LONDON (AP) — The IOC will wait for cycling's governing body to act on Lance Armstrong's doping case before it considers taking away his Olympic bronze medal from the 2000 Sydney Games.
The Olympic body also will look into removing Levi Leipheimer's bronze medal from the 2008 Beijing Games after his admission of doping, IOC Vice President Thomas Bach told The Associated Press on Tuesday.
Bach said the IOC will wait for the International Cycling Union, or UCI, to determine whether Armstrong should have been banned before the Sydney Olympics and Leipheimer suspended before the Beijing Games.
The medals are at stake following the release of the U.S. Anti-Doping Agency's report last week that identified Armstrong as a serial drug cheat and erased his seven Tour de France titles. Leipheimer, one of the key witnesses in USADA's case against Armstrong, confessed to his own doping — and was fired Tuesday by the Omega Pharma-Quick Step team.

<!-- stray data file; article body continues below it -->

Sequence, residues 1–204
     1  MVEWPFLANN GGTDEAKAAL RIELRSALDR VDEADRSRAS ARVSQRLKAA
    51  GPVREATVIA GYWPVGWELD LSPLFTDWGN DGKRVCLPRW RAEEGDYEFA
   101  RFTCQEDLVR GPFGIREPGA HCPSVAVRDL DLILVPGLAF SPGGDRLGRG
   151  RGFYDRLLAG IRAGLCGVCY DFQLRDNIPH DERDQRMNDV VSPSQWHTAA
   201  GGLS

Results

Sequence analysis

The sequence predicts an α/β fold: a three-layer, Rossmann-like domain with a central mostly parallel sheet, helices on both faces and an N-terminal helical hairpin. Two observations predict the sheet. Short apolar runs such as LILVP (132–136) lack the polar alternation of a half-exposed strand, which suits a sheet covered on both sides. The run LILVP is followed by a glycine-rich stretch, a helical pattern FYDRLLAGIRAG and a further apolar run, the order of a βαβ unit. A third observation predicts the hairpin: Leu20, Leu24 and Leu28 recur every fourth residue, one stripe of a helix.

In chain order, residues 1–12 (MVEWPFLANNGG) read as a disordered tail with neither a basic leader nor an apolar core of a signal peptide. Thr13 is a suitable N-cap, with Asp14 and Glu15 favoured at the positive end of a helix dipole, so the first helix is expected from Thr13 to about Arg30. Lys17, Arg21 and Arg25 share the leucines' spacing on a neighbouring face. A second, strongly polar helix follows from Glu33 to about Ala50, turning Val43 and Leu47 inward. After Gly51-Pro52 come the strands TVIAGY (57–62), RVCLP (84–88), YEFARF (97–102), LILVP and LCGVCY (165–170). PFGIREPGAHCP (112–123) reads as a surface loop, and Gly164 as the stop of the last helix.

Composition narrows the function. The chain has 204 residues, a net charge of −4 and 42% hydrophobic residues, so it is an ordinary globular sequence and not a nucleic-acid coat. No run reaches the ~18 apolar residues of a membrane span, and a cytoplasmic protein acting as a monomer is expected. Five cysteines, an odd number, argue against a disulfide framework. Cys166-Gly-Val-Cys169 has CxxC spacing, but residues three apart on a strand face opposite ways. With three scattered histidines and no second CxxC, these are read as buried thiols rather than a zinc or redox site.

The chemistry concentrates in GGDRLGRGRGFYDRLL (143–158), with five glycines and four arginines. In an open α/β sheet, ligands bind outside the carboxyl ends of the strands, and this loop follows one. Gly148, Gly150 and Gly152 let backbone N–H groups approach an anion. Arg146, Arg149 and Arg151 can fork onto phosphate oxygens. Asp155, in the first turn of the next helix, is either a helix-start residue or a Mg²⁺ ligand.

Bach, a German lawyer who heads the IOC's legal panel and handles doping investigations, said the committee is studying the USADA report for any other doping admissions that might affect Olympic eligibility or results.
The UCI received USADA's report last week and has 21 days to decide whether to formally ratify the decision to strip Armstrong of his Tour titles or appeal to the Court of Arbitration for Sport. The report said Armstrong was involved in doping well before the Sydney Olympics, where he finished third in the road time trial.
"The UCI will have to decide whether he should have been banned before the Sydney Games," Bach said in a telephone interview. "If that is the case, then we would have to study the statute of limitations."
The IOC has an eight-year statute for revising Olympic results. But Bach said the USADA report took an "intriguing approach" in Armstrong's case that leaves the eight-year period open to discussion.
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